Amniotic fluid A single deepest vertical pocket of amniotic fluid measures greater than 2 cm is present. A single deepest vertical pocket of amniotic fluid measures 2 cm or less
Table 13.5 Biophysical Profile Scoring

A high-risk obstetric and fetal condition may also require a BPP as part of antepartum testing for a variety of fetal conditions found in Table 13.6. This study is recommended to start at 32 weeks’ gestation for most fetal and maternal conditions but can be done earlier for multiple or severe conditions (Sapoval, 2023).

Category Conditions
Maternal preexisting conditions
  • pregestational diabetes mellitus
  • hypertension
  • systemic lupus erythematosus
  • chronic renal disease
  • antiphospholipid syndrome
  • hyperthyroidism poorly controlled
  • hemoglobinopathies: sickle cell, sickle cell–hemoglobin C, or sickle cell–thalassemia disease
  • cyanotic heart disease
Pregnancy-related conditions
  • gestational hypertension
  • preeclampsia
  • decreased fetal movement
  • gestational diabetes mellitus, poorly controlled or medically treated
  • oligohydramnios
  • fetal growth restriction
  • late-term or postterm pregnancy
  • isoimmunization
  • previous fetal death
  • monochorionic multiple gestations with significant growth discrepancy
Table 13.6 Conditions That May Require Biophysical Profile

A BPP is an indicator of fetal well-being, and a score of 8 or 10 is considered normal and indicates a decreased risk of fetal asphyxia within 1 week. A score of 6 is considered abnormal and should be repeated within 24 hours. A score of 2 or 4 is not reassuring, and the provider may recommend inducing labor or scheduling a cesarean delivery for the pregnant person. A score of zero indicates impending fetal asphyxia, and an emergent cesarean delivery at a hospital with a neonatal intensive care unit is recommended (Sapoval, 2023). A BPP can also diagnose oligohydramnios or polyhydramnios. If oligohydramnios is diagnosed, the study should be repeated within 24 hours, or the provider may recommend the pregnant person be induced if at term.

The nurse’s role involves educating the pregnant person about the BPP. The nurse can help prepare the pregnant person by explaining why the test is recommended and what to expect during the screening. The nurse will perform the NST and reinforce the results and plan of care developed by the health-care provider.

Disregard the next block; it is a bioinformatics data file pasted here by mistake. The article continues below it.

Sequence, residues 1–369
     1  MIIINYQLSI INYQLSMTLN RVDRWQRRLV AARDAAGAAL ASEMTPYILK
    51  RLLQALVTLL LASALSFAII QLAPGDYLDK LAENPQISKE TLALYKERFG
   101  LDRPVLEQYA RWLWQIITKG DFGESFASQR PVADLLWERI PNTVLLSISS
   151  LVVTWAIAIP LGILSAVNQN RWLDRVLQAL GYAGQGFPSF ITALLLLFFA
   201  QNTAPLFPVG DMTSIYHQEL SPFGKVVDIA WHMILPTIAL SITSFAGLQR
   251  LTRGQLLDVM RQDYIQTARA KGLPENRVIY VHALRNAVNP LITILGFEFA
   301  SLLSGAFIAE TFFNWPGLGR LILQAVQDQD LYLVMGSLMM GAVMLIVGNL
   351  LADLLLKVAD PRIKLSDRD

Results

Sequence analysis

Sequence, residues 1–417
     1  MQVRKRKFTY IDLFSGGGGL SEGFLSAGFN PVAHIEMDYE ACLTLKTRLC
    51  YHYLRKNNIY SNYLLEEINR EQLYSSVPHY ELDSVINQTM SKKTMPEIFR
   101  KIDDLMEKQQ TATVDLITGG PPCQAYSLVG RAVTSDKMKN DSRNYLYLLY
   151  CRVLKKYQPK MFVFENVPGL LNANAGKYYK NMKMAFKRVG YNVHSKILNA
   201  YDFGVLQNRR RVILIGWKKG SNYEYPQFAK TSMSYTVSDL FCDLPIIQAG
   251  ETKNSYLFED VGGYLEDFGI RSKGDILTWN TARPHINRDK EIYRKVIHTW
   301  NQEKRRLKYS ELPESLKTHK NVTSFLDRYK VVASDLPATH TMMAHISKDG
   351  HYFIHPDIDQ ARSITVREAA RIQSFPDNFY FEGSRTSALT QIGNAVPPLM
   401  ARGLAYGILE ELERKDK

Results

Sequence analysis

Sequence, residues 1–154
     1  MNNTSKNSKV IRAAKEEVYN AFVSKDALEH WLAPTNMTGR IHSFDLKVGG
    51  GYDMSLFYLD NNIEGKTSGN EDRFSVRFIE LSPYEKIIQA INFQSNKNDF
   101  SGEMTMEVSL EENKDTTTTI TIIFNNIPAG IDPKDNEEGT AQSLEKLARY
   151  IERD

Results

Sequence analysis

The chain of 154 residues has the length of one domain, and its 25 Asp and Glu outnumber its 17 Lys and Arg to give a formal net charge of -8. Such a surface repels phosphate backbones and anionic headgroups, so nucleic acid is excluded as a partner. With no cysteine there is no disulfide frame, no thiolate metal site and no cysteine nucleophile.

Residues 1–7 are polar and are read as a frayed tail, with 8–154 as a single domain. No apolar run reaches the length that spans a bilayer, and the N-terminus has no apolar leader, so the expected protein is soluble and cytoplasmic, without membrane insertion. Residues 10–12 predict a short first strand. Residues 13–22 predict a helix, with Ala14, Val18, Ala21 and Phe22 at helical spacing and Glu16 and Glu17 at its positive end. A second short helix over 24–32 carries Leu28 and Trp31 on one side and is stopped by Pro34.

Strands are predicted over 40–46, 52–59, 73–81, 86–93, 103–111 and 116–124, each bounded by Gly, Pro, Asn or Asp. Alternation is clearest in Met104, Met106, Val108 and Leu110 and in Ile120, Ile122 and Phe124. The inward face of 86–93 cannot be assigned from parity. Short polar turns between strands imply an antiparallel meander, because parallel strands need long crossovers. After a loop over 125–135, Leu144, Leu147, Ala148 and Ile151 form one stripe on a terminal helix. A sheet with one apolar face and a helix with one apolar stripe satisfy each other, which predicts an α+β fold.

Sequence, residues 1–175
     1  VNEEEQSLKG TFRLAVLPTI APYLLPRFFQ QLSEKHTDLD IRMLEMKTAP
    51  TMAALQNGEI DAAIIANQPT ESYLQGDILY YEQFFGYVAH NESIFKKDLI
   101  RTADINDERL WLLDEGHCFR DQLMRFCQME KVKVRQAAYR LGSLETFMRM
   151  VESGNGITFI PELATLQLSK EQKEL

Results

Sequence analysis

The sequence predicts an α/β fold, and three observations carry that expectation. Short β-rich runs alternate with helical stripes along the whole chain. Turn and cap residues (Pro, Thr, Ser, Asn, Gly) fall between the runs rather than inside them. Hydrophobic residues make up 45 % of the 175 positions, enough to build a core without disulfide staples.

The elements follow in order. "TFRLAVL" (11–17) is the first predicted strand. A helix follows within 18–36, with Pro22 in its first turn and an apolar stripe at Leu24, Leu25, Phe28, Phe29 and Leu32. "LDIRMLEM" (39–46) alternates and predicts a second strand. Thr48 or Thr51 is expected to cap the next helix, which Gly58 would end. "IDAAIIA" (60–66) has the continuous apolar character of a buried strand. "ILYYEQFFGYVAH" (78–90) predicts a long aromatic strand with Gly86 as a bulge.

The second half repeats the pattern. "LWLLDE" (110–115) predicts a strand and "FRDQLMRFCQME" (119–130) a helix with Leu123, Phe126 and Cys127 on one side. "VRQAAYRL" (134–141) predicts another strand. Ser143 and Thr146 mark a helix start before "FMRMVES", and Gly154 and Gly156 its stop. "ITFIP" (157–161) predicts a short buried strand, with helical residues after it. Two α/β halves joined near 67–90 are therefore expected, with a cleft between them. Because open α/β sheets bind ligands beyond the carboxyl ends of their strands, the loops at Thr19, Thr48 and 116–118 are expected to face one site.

Amniotic Fluid Index (AFI)

The amniotic fluid index (AFI) is a standardized way to assess the sufficiency of the amniotic fluid quantity in pregnancy and is obtained via ultrasound. This test can be done on pregnant persons who are at 24 weeks’ gestation or greater with a singleton pregnancy. This test is also part of the biophysical profile and is an indicator of fetal well-being. A normal AFI is 5 cm to 25 cm. A normal pocket of amniotic fluid is greater than 2 cm (Lord et al., 2023).

An AFI test may be recommended if there are concerns of polyhydramnios, which is too much amniotic fluid, or oligohydramnios, which is not enough amniotic fluid (Lord et al., 2023). Oligohydramnios can occur if the pregnant person’s amniotic membrane has ruptured and amniotic fluid is leaking. It can also occur due to kidney problems in the fetus. If the fetus receives inadequate nutrients and oxygen from the placenta, blood will be shunted away from the fetal kidneys. This decreases the glomerular filtration rate (GFR) and results in decreased urinary output. This causes a decrease in amniotic fluid due to the decreased urine production by the fetal kidneys (Lord et al., 2023). Persistently low levels of amniotic fluid may be associated with a birth defect of the fetus.